Although not chronologically ordered as in the previous chapters, the chronological breadth is retained. There is some particularly rich detail on symbolic and ritual drinking. Jennings includes useful information on the 17th-century tradition of Saint Monday – the extra day taken after the weekend's drinking to recover from or continue the revels, and how it came to decline in the 19th century and die out in the 20th century. There is also a good section on funeral rituals – some debauched, some respectable – such as the 19th-century tradition of the dead leaving money for drinks for the living, like a final round. The whistle-stop tour of the evolution from drinking someone’s health to buying rounds as part of pub rituals is extremely interesting and well set out. Jennings wryly explains this enduring tradition as ‘an expression of the English devotion to taking one’s turn’ (p. 112, citing Kate Fox).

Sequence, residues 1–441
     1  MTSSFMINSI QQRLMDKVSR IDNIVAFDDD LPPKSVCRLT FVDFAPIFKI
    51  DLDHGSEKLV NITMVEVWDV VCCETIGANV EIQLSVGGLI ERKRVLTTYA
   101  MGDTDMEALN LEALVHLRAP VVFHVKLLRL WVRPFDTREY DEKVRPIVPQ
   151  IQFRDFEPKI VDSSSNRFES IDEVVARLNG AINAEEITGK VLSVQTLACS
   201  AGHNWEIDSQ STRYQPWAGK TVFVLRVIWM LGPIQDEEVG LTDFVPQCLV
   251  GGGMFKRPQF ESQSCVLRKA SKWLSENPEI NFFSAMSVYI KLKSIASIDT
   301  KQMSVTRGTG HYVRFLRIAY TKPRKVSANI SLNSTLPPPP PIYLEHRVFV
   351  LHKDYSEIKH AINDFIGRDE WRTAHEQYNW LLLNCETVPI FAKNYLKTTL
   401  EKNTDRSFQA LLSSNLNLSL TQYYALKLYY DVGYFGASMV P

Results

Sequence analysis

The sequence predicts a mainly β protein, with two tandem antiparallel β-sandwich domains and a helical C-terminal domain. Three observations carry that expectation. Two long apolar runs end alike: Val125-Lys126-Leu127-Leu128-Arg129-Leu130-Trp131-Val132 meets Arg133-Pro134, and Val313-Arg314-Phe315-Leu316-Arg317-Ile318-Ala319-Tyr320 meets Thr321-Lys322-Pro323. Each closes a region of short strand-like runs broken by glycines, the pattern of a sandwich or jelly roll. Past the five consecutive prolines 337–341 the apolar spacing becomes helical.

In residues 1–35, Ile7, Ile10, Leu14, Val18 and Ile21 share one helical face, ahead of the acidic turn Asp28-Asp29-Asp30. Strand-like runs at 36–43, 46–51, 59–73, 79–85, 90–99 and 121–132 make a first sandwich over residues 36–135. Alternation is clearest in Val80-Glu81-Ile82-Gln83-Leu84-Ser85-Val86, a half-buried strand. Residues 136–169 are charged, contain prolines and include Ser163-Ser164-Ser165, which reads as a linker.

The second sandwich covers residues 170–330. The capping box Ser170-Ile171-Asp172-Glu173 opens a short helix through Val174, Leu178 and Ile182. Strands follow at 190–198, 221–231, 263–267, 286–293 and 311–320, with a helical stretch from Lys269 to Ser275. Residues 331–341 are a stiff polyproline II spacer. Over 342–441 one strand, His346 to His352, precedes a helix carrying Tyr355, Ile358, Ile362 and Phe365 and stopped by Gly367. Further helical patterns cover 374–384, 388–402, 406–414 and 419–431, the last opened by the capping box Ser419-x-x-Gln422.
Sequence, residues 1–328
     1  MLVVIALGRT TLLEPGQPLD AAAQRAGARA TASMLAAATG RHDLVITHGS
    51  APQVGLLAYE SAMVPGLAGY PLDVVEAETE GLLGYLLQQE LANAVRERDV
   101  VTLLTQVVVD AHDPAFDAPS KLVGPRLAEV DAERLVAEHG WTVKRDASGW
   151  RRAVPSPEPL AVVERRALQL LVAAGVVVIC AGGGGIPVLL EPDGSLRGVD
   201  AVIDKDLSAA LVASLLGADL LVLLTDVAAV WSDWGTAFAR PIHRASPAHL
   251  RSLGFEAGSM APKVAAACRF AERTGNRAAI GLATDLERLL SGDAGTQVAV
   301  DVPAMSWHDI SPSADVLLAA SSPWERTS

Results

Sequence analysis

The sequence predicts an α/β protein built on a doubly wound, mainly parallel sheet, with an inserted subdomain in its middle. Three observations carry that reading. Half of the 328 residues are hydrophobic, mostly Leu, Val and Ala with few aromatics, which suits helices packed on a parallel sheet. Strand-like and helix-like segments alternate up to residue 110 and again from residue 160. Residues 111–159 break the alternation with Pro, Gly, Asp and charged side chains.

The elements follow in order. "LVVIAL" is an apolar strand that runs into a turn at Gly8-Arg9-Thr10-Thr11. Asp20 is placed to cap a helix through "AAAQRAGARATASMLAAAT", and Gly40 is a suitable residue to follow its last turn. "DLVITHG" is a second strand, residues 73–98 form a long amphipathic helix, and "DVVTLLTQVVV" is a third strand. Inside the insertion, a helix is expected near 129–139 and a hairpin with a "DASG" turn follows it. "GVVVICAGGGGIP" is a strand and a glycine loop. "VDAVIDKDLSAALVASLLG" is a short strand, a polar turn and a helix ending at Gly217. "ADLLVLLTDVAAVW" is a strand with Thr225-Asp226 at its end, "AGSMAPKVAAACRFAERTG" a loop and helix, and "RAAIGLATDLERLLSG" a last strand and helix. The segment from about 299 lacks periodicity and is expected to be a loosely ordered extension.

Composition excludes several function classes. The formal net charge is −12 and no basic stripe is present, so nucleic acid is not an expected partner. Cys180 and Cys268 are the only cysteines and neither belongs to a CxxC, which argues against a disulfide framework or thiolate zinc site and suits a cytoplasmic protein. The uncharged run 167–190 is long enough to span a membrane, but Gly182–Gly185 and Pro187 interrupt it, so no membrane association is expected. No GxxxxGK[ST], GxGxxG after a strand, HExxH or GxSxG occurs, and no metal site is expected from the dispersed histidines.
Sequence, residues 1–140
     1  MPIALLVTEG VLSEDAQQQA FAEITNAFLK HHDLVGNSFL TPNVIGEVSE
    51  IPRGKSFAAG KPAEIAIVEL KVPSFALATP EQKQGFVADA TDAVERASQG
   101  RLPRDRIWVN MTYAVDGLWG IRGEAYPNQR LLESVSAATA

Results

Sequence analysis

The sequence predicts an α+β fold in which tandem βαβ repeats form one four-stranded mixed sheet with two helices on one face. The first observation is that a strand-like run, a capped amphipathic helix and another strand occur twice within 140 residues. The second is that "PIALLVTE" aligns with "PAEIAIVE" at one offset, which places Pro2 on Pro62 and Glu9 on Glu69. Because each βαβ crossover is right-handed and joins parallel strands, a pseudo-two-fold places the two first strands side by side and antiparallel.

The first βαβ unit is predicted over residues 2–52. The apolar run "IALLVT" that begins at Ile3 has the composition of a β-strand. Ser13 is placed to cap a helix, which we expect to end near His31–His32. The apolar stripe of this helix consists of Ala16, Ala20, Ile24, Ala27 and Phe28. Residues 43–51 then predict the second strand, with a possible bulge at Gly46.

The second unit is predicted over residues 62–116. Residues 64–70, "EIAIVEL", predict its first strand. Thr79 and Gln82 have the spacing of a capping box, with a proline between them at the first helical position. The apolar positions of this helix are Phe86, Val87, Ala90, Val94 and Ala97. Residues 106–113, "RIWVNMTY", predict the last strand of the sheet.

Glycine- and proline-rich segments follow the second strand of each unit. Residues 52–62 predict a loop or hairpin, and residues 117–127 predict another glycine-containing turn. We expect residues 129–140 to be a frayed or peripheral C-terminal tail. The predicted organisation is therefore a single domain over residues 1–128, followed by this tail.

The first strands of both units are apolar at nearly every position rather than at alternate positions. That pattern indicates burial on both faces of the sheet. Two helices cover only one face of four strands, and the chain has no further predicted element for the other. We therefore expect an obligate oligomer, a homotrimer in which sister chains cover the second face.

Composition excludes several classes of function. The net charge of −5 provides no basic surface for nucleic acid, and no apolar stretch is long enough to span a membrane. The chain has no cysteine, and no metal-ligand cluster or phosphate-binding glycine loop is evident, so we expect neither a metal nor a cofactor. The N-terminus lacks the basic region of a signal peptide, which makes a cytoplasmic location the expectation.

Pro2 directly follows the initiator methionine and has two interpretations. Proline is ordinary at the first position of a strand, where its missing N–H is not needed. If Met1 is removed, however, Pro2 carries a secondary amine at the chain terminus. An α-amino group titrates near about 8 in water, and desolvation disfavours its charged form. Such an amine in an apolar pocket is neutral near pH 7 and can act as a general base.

Being drunk is one of the most important ‘functions and meanings of drinking’ but in ‘Drunks’ Jennings asks ‘what constitutes being drunk?’ The answer begins with an enlightening specific example from a head constable of Liverpool in 1909: ‘His state might be interpreted in ten different ways: from a total abstainer’s perception of him as “beastly drunk”, through varying shades of opinion such as “drunk but able to take care of himself” or “slightly under the influence”, to the man himself — "painfully sober: almost in a state of collapse for want of a drink”’ (p. 122). The difficulties of defining drunkenness, or at least the boundary between sobriety and intoxication, are explored as a culturally determined phenomenon. Attitudes in the courts are particularly influential, and charts the many legislative attempts to solve the problem, including combining drunkenness offences with other offences (such as being drunk and disorderly) to define the offence more easily, and the introduction of blood alcohol and breathalyser quantifications in the mid-20th century as a result of increased anxieties around drink driving. The comparison of early and late 20th-century definitions reveals strong similarities in descriptions of the progress of drunkenness from ‘conversational’ to vomiting or sleep, or resulting in ‘unconsciousness, coma and death’ in extreme cases. Jennings’s relish for language gives rise to an enjoyable exploration of historical drinking slang including some very unusual examples such as ‘a climax of fuddlement’ (p. 124). He also reveals that ‘pissed’ originated from the 18th-century term ‘Piss’d in the Brook’ (p. 123).